Business registration guide to set up a company in BVI

BVI is one of the most popular offshore jurisdictions in the world.  BVI Business Companies Act 2004 is the legal framework governing company formation, regulation, and other incorporation-related activities in the British Virgin Islands.

Benefits of the BVI tax regime include no inheritance tax, no capital tax, and no corporate IT. Despite this, BVI has a strong legal system that can assist in protecting a business’s assets against lawsuits and other threats. Furthermore, because there is no public registry of directors or shareholders, the BVI provides businesses and their shareholders with a high level of privacy and confidentiality.

Types of corporate structures available in BVI

  • Company limited by shares

This is the most common type of business registered in the British Virgin Islands. A company limited by shares, as the name suggests, issues shares, and the liabilities of its members are distinct from the company’s debts and liabilities. Shareholders of such a company own its shares.

●      Company limited by guarantee

Non-profit organizations usually choose this kind of corporate structure.  There are two ways in which a business can register a company limited by guarantee under section 5 of the BVI Business Companies Act.

A corporation limited by guarantee that isn’t allowed to issue shares

An authorized company limited by guarantee with the power to issue shares.

The guarantee member’s liability to the company is restricted to the amount specified in the memorandum, any other liability specifically mentioned in the company’s MOA or AOA, and any liability related to repayment of distribution if the company fails the solvency test.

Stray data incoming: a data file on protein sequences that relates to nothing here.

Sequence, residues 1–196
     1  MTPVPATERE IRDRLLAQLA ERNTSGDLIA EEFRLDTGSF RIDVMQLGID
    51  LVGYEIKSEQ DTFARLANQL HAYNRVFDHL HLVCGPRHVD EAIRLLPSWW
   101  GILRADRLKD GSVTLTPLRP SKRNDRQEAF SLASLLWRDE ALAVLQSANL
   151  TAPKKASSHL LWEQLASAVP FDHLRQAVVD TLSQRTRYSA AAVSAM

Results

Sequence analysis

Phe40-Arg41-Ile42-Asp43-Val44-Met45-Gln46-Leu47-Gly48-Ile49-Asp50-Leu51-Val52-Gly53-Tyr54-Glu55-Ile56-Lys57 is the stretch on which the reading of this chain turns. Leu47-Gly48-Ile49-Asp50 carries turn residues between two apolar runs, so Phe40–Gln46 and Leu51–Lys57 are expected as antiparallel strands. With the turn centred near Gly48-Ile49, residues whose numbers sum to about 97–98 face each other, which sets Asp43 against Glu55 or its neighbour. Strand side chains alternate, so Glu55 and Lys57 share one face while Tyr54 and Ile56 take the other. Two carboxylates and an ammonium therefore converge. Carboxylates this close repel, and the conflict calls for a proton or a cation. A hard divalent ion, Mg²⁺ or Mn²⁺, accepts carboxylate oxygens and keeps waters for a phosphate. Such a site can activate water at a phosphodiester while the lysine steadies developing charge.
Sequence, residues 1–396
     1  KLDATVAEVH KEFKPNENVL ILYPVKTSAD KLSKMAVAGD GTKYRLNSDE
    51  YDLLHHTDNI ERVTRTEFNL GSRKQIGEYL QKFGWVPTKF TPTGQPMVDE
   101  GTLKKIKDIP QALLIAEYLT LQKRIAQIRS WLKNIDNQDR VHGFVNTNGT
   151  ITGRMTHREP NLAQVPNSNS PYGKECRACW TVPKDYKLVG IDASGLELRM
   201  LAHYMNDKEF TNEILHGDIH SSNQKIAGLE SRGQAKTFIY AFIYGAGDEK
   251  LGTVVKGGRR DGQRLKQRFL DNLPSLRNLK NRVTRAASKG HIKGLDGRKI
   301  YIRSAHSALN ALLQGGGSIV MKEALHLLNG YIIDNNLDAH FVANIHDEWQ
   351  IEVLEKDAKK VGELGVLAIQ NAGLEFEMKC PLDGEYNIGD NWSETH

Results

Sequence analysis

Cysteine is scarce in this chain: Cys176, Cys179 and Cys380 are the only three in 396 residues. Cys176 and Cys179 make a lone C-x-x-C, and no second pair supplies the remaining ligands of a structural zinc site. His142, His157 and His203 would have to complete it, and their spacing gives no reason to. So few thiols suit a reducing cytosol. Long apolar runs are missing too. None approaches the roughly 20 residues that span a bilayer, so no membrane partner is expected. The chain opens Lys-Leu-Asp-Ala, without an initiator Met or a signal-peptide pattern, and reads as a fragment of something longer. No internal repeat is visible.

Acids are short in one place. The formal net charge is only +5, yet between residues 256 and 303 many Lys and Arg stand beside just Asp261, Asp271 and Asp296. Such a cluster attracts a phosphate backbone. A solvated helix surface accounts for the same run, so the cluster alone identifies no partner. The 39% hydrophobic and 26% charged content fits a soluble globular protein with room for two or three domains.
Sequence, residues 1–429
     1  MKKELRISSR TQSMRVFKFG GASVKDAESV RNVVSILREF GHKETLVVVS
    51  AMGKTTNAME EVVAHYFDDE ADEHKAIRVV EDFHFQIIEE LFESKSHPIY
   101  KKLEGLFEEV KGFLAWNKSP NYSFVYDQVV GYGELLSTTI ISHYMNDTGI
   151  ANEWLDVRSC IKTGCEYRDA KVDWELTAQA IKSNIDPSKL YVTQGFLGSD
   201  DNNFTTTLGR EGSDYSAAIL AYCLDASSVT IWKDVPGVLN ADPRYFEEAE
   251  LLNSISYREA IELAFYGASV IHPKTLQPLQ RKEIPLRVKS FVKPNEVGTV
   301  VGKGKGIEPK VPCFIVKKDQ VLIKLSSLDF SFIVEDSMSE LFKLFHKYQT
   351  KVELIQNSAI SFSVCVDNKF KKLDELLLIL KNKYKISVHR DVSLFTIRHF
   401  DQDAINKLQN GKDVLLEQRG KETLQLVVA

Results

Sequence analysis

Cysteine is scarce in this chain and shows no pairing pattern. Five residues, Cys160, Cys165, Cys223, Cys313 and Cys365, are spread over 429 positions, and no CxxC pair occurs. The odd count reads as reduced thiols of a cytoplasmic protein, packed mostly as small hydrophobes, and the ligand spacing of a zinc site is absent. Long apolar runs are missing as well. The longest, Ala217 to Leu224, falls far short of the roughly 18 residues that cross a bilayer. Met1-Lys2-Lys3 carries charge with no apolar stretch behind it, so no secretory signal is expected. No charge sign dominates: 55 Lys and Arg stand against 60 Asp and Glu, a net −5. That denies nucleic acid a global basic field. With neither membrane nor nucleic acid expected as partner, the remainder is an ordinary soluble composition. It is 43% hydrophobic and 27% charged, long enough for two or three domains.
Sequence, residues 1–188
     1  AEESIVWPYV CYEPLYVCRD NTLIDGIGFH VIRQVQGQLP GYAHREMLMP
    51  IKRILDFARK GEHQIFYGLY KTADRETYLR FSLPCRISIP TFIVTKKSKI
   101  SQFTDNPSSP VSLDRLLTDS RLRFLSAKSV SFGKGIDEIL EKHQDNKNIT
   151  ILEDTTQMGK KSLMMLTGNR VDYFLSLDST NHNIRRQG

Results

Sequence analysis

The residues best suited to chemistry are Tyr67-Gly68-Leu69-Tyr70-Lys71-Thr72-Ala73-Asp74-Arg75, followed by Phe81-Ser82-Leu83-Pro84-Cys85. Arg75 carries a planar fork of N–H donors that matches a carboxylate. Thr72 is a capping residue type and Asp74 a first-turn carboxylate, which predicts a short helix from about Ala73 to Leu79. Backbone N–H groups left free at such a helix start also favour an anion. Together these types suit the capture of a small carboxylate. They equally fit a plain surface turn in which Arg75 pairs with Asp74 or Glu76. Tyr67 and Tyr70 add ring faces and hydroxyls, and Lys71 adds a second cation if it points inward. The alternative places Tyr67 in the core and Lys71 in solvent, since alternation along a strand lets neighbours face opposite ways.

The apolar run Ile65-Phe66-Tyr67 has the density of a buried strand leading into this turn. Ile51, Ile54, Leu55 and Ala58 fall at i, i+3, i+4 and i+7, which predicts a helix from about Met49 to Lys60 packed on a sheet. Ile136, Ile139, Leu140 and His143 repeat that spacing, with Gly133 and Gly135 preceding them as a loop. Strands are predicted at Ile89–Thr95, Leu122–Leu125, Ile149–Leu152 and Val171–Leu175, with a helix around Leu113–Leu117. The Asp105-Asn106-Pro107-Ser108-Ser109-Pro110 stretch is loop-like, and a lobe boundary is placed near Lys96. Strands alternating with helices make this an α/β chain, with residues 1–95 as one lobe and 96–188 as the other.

It should be noted that these liabilities are restricted to the amount specified in the memorandum and would apply in the event of a voluntary or insolvent liquidation as per the laws.

●     Unlimited company

  • An unlimited company authorized to issue shares

The business can issue an unlimited number of shares.  Unless specified otherwise by the MOA or AOA, the unlimited member may also be a shareholder and may cast one vote.

  • The unlimited company is not authorized to issue shares

The unlimited company cannot issue shares; as a result, none of its members are considered shareholders. The BVI Business Companies Act states that an unlimited company that isn’t allowed to issue shares needs to submit its annual report using the format that its directors have approved.

Documents required for BVI company registration

  • I filled out and signed the application form
  • Memorandum of Association (MOA)
  • Business plan
  • Articles of Association (AOA)
  • Proof of identity of company directors and shareholders
  • Registered addresses of company directors and shareholders
  • Registration fee

The process of registering a company in BVI

  • Select a company name

Choosing a name for your business is the first step in the BVI company registration process. The chosen company name should be original, and the name of another BVI-registered business cannot be used.

●      Select the company structure

You must decide on the corporate structure, whether your company will be a business corporation or an LLC. The number of directors and shareholders for your business must also be determined.

  • Appoint a registered agent

All BVI corporations are required to appoint a registered representative within the territory. The registered representative, who must be a BVI resident, will act as the firm’s representative.

  • Submit the required documents and pay the fees

You must submit the necessary documents for company registration to the Registrar of Companies. The list of required documents is listed above.

To complete the registration process, you have to make the. Depending on your firm’s size and class, the fee may vary.

  • Get the certificate of registration

A certificate of registration will be issued to you once your firm is enlisted. This certificate serves as proof that your business is registered and has the right to do business in the British Virgin Islands.

Latest articles

Related articles